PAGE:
Art exhibitions are organized around a curatorial premise, a statement that articulates an idea allowing for the selection of work included in an exhibition. This course begins with an overview of exhibition history, starting with the transformation of the Louvre into the first public art museum following the French Revolution, where art history, a discipline developed in the 19th century, was enlisted to organize exhibition. The course then examines the proliferation of types of exhibitions that accompanies modernism, up to the present, paying close attention to the curatorial premise animating the exhibitions. Lecture 3 (Spring).
A survey of the style and meaning in American paintings from the colonial limners, through the 19th and 20th centuries, to contemporary artists. It centers on what distinguishes painting of the colonies and of the United States from the European counterpart. Lecture 3 (Fall).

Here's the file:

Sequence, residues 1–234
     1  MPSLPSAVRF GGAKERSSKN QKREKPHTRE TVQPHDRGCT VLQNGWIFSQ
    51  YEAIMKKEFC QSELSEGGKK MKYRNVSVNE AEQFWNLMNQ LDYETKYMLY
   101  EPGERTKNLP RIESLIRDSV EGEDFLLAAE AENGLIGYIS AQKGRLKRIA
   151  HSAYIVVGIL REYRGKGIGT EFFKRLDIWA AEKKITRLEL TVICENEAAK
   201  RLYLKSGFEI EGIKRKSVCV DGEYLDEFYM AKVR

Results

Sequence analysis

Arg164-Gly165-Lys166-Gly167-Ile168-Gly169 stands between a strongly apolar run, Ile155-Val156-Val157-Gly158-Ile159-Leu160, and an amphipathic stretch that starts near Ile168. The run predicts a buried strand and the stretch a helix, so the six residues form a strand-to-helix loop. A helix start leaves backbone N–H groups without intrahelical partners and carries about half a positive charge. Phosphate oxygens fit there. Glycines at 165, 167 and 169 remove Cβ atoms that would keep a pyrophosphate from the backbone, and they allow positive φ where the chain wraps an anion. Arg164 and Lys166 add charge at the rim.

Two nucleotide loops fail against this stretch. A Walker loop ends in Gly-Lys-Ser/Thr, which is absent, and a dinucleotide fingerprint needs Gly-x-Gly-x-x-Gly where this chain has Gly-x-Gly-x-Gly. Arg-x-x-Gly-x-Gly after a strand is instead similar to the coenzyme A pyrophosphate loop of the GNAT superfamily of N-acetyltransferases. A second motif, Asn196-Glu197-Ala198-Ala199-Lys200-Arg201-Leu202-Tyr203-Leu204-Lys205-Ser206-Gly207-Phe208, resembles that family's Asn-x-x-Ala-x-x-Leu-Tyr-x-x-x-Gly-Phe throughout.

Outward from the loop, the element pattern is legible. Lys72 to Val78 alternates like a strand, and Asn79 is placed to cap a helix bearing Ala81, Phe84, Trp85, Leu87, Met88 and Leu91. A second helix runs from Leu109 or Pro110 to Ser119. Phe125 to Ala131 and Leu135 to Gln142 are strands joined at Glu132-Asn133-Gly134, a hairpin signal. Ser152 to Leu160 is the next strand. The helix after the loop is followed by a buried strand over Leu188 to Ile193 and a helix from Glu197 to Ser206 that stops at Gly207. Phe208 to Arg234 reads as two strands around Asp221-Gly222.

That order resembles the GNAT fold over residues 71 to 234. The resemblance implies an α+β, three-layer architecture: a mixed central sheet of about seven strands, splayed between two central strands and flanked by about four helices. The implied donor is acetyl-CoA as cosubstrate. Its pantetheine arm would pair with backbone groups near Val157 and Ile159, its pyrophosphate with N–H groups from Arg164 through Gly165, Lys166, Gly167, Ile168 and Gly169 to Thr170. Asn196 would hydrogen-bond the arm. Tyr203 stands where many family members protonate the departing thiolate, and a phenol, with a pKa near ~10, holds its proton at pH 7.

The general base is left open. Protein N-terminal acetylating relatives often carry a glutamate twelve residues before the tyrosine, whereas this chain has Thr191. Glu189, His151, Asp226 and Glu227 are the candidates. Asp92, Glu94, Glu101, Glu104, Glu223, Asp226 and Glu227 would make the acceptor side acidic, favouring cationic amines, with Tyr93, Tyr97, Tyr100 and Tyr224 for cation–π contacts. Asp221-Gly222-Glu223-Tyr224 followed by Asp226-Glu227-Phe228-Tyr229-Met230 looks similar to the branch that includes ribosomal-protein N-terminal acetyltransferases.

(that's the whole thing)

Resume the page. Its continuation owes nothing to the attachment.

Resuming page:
American Film Since the Sixties
This course examines the history and aesthetics of the motion picture in the United States since the late 1960s, when the classical studio era ended. Emphasis will be placed on the analysis of both the work of major American filmmakers and the evolution of major American film genres between 1967 and 2001. Among the filmmakers to be studied are Kazan, Cassavetes, Penn, Coppola, Scorsese, Spielberg, Allen, Seidelman, Lee, Burton, Altman, Tarantino, Coen, and Lynch. The course will consider the evolution of such traditional Hollywood genres as the gangster film, the romantic comedy, and the Hollywood movie, study the development of new, blended genres, investigate the rise of the blockbuster, explore the rise of the Independents, and follow the aesthetic changes that occurred since the 1967. The films will be studied within the context of contemporary cultural and political events, and will be discussed from several viewpoints, including aesthetic, technical, social, and economic. The ways in which gender, race, and class are constructed through the movies will also be a major focus of study. Lecture 3 (Spring).